That’s how we got to have title insurance in the United States. It has grown. There are multiple different underwriters like you have for life insurance and all these other groups that are some big underwriters who will underwrite the actual title insurance. We are involved on the national commercial side in any commercial transaction, multifamily, hospitals, industrial, cold storage, self-storage, manufactured housing, and anything that transacts. We also have a whole single-family division, which I don’t work directly on. We are involved in any transactional process for real estate in the country.

Title insurance is like a history lesson on that piece.

 

REID Lee Small | Title Insurance

 

For me to add one quick thing here, in Canada, we are still archaic but what happens is that if a situation like the story you shared takes place here in Canada, the lawyers’ errors and emissions come into effect. Also, we have an actual government institution, which is the land title that does the transfer. You got the lawyer or notary public that does the transfer. I’m sure you’ve dealt with them many times. That’s how we mitigate issues with title transfer.

The next question I was going to ask you, and you touched on it. You said lenders need title insurance to protect their collateral. That was our question. Is title insurance a requirement if there is debt financing involved or by different levels of government, county, state or federal?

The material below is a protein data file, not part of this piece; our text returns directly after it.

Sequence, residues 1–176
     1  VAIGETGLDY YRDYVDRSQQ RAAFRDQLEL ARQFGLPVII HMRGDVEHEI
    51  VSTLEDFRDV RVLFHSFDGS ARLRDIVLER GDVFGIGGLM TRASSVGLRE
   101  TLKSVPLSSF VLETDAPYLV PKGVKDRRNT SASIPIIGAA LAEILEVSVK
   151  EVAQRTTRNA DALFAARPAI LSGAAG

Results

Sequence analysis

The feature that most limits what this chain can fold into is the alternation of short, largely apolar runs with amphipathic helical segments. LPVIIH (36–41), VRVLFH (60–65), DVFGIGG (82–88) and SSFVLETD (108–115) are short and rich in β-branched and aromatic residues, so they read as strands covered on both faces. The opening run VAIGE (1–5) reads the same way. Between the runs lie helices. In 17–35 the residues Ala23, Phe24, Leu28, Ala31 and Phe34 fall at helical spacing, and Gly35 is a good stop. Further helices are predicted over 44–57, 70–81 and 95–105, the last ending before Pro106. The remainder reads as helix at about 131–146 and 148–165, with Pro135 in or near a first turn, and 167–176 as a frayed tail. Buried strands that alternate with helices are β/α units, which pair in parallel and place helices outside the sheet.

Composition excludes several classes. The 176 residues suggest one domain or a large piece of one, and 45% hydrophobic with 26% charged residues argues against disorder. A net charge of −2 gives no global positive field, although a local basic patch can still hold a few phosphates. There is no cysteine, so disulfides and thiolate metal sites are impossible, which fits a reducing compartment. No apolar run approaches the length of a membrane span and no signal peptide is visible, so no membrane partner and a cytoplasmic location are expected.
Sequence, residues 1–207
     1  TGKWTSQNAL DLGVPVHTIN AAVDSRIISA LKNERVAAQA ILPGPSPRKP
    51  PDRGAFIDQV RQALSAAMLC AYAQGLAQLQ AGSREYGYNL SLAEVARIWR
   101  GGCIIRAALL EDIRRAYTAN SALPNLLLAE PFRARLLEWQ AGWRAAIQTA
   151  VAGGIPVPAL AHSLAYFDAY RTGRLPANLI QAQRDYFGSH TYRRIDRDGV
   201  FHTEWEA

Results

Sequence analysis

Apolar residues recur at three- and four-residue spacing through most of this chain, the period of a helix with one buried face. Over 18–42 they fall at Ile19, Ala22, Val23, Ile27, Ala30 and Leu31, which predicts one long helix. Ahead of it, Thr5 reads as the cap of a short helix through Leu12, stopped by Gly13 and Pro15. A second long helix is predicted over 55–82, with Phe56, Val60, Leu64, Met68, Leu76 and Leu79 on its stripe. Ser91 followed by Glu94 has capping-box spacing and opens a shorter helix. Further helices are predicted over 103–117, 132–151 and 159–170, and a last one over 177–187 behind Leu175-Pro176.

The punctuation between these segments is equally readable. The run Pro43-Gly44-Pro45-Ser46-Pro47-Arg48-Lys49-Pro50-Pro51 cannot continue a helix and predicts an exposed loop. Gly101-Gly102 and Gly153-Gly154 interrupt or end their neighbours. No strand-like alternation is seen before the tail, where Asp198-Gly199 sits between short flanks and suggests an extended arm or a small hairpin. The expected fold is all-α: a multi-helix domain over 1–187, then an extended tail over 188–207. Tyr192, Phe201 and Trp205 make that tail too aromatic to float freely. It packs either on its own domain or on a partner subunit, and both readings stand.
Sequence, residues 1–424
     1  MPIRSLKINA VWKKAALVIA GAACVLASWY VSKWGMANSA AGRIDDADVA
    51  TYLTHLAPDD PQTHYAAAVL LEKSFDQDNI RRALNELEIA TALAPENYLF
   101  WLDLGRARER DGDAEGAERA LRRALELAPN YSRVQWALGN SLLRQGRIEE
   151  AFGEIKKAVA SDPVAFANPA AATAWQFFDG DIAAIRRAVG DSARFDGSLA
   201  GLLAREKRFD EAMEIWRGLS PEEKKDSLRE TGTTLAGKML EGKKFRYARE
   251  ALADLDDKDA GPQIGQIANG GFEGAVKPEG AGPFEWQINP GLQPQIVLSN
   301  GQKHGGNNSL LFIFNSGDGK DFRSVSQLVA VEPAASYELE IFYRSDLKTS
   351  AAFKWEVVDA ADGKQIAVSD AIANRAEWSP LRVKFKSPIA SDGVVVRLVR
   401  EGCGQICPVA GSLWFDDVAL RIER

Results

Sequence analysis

The short answer is yes. Again, there are some rare exceptions where that’s not exactly the case. There are two forms of title insurance. It’s important that it’s not just the lenders who are wanting it and desire title insurance. There’s what we call an owner’s policy, which covers the ownership. For my house exactly, I have the owner’s policy. There’s a lender’s policy, which covers the lenders.

REID Lee Small | Title Insurance

Title Insurance: There are two forms of title insurance. The owner’s policy covers the ownership of your house and the lender’s policy covers the lenders.

 

For example, if you are refinancing a multifamily property and the ownership group is not changing, you only need to purchase a new lender’s policy because the ownership group is not changed. If you were transacting and you are selling the property, and the new buyer is going to both change, obviously a different ownership group, and then a lender is going to come on, you will get both policies.

However, in the State of Texas, and there are some others across the country, when you package them up, the cost comes down quite a bit on the lender’s policy. In Texas, if you do it simultaneously here, you pay for the owner’s policy, and then you will pay $100 to add on the lender’s policy, which is cheap. That’s because you are packaging them up at the same time.